3.) You walk alone. I know this is a tough one. Not only have I frequently crossed my campus alone, in the dark, but I also like it. I like the feeling of being alone in the fresh air with just myself and my thoughts, but as romantic as that sounds, a being assaulted by someone preying on zoned out college students is not a refreshing feeling anyone wants to experience. Unfortunately this is dorm life: walking alone is a bad idea. And if you do have to spend some time in the dark, at least take a self-defense class or arm yourself with a hefty, effective container of pepper spray 

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The Random College Safety Concern You’re Ignoring

We’re going to talk about something that never really seems to get brought up except in very specific college circles. And by very specific, we mean extremely exclusive instances, as even fellow college students that have experienced this don’t talk about it.

We’re talking about food poisoning. And as much as it seems like a laughable topic (go ahead, we know you scoffed as soon as you read it), the fact is it happens quite often. And why wouldn’t it? Take a high school student that has never learned to cook and put them in a situation where they are starving and clueless about cooking appliances and you’ve got yourself a recipe for disaster (haha…recipe…pun…nice). So here are a few tips to making sure you don’t fall victim to the ever too common instance of self-inflicted food poison.

1.) Know the right temperatures. Your refrigerator should have a temperature below 40 degrees Fahrenheit, and anything that is taken out of the refrigerator needs to be consumed within 24 hours, or put back in the fridge. Cooking temperatures, on the other hand, vary by product. Vegetables, for example, don’t even need to be cooked (yes, some people don’t know that), while meats vary depending on what kind of meat it is. As a general rule, any kind of poultry should be heated to an internal temp (buy a meat thermometer, they’re cheap and super useful) of 165 degrees Fahrenheit. Think, “Bacteria don’t thrive at 165.”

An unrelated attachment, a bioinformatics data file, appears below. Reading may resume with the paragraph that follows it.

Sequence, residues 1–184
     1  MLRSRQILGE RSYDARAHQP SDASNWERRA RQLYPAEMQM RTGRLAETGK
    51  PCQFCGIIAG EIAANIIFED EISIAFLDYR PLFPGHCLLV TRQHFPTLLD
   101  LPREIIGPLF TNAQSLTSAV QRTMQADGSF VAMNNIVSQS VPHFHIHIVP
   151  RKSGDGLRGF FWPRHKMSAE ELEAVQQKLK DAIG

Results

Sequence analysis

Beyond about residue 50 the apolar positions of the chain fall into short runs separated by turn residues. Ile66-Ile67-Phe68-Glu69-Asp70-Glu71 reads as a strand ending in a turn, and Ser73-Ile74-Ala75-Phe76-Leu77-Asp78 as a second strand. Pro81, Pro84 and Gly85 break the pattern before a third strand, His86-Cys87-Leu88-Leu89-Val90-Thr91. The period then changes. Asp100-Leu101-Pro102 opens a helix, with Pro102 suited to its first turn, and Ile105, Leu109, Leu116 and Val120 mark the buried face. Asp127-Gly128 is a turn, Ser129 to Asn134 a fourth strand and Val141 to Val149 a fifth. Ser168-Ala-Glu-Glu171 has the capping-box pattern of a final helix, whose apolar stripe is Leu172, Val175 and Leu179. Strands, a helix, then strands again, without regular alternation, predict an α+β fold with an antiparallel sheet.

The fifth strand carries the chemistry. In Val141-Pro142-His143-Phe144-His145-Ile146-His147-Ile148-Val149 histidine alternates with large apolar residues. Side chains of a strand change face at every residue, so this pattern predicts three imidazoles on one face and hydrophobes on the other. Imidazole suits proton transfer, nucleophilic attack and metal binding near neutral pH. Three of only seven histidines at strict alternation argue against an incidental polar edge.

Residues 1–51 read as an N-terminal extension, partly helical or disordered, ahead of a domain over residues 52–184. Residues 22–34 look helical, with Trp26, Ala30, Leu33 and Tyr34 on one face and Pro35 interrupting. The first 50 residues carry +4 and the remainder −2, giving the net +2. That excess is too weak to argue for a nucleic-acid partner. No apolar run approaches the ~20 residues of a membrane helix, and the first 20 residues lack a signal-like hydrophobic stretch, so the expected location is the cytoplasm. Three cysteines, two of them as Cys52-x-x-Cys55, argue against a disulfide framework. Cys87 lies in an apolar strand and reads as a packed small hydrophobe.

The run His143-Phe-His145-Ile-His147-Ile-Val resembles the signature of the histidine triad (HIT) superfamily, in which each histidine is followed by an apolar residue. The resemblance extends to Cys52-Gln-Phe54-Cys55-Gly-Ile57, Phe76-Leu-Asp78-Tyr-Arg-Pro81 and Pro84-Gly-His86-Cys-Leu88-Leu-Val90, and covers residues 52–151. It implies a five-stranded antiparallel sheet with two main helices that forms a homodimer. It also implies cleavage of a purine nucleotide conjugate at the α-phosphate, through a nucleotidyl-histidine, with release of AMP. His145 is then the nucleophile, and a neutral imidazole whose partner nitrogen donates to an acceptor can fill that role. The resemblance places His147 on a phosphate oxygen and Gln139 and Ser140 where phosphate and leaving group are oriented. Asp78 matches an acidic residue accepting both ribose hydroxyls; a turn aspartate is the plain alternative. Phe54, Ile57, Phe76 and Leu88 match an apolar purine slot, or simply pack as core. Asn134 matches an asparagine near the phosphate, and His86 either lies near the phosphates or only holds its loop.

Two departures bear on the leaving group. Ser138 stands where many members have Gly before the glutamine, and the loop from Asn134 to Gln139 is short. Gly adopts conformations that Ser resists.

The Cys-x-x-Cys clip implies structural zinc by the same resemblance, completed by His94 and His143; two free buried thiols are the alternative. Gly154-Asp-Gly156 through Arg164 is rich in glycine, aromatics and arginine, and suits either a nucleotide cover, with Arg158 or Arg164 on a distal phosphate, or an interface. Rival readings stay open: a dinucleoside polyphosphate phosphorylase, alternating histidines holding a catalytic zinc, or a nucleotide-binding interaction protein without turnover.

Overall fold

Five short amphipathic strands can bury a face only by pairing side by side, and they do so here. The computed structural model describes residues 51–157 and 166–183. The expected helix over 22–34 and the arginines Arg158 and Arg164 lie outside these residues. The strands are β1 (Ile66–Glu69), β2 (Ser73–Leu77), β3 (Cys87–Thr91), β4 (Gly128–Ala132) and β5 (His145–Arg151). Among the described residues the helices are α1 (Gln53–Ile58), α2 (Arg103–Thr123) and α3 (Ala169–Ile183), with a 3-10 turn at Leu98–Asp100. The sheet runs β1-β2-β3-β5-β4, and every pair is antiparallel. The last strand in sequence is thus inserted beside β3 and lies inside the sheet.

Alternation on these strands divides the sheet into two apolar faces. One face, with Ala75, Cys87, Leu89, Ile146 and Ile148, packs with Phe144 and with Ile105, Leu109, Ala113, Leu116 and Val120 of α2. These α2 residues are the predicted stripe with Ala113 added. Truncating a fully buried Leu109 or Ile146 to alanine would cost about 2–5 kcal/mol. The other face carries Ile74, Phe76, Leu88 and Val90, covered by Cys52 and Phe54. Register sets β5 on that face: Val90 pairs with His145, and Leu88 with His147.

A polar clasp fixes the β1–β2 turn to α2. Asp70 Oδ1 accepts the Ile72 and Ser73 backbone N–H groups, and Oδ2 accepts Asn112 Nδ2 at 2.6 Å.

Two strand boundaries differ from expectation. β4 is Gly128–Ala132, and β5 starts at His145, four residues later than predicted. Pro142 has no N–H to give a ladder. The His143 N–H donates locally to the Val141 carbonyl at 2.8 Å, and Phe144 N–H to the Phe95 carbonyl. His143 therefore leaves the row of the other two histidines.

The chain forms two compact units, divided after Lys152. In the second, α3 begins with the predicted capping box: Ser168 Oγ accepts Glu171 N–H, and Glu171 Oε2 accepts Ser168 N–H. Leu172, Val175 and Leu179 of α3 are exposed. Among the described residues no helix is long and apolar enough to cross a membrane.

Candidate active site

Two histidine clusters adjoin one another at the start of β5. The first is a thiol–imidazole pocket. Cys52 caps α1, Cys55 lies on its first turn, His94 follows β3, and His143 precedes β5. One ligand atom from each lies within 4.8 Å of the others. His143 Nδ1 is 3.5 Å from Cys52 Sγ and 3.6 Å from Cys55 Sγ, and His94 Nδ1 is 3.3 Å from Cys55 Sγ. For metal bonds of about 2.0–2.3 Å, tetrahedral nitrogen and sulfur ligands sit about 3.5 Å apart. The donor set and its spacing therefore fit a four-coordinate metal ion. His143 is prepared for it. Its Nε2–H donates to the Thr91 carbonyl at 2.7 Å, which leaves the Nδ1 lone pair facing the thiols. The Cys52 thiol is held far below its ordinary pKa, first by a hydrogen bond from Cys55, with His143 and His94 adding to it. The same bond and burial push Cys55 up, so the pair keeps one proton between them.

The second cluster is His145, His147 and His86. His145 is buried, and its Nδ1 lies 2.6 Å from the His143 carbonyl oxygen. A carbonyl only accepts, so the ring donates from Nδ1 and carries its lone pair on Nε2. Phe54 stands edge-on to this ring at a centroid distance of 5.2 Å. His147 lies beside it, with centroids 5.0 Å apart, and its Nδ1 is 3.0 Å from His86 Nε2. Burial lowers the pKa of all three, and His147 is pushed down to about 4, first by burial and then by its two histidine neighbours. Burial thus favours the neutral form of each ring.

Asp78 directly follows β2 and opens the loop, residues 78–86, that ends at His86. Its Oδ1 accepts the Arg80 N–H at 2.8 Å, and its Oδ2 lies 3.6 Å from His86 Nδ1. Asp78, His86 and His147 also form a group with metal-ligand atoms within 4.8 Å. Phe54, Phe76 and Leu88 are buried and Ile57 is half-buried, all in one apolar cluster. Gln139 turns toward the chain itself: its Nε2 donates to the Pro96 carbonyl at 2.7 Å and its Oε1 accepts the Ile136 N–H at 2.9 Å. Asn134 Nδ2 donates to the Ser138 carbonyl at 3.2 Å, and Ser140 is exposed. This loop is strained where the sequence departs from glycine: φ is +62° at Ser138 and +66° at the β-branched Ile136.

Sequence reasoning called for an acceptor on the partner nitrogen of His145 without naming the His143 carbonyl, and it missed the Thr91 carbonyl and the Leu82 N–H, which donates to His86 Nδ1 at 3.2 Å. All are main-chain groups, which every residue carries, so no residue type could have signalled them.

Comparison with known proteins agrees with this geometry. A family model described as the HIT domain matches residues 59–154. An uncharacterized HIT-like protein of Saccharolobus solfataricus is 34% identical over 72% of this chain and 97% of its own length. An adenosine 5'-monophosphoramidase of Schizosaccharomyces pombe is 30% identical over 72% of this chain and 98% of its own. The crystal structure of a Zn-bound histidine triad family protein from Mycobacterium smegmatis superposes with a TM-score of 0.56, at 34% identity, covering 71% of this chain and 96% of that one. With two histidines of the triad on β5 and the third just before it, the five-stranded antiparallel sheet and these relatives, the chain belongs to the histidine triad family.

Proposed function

2.) Don’t leave stuff out. Once you are done, put the leftovers away! Leaving things out for grazing is one of the fastest ways to invite food poisoning. Wrap everything up and put it in the refrigerator within two hours of cooking. We shouldn’t even have to go into the amount of bugs (flies, ants, cockroaches) that could get into exposed food…right?

3.) Know expiration dates. Yes, things expire, whether they are well packaged or not. If you’re buying a package of chicken breasts, for example, and you aren’t sure whether or not you’ll eat it within the week, put it in the freezer instead of the fridge, where it will last much longer (months compared to days). Anything that is packaged should have an expiration date on it. As a general rule, if it’s past the expiration date, don’t eat it, and if it looks bad, in any way, don’t eat it. There are some exceptions, but now is not the time to get to know them.

4.) Avoid cross-contamination. Don’t use the same cutting board to cut your veggies as you do to cut your meat unless you wash it in between choppings. And your hands need to be washed anytime you handle meat before they touch anything else! If you had a plate full of raw food, don’t put the cooked food back onto it. Simple things like this will help keep you safe from cross-contamination.

5.) Clean up. A clean kitchen is one of the most essential parts of protecting yourself from food poisoning. That means doing your dishes the day of, and cleaning out the microwave if your food splatters. And besides, if you made the mess, clean it up. You don’t live with your mother anymore.